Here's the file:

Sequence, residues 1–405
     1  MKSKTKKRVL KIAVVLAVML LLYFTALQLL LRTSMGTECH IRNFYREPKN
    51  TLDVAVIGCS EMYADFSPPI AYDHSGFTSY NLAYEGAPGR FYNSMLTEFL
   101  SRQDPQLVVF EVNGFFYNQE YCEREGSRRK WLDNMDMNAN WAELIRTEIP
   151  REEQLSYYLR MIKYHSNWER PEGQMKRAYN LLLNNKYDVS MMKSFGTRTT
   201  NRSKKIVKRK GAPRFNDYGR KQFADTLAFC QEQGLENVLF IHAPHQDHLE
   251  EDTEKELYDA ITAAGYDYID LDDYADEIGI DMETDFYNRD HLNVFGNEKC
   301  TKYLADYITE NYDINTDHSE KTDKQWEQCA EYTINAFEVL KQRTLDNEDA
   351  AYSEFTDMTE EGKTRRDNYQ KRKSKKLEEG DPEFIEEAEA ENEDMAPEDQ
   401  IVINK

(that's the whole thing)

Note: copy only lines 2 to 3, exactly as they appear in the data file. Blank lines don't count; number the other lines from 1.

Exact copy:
     1  MKSKTKKRVL KIAVVLAVML LLYFTALQLL LRTSMGTECH IRNFYREPKN
    51  TLDVAVIGCS EMYADFSPPI AYDHSGFTSY NLAYEGAPGR FYNSMLTEFL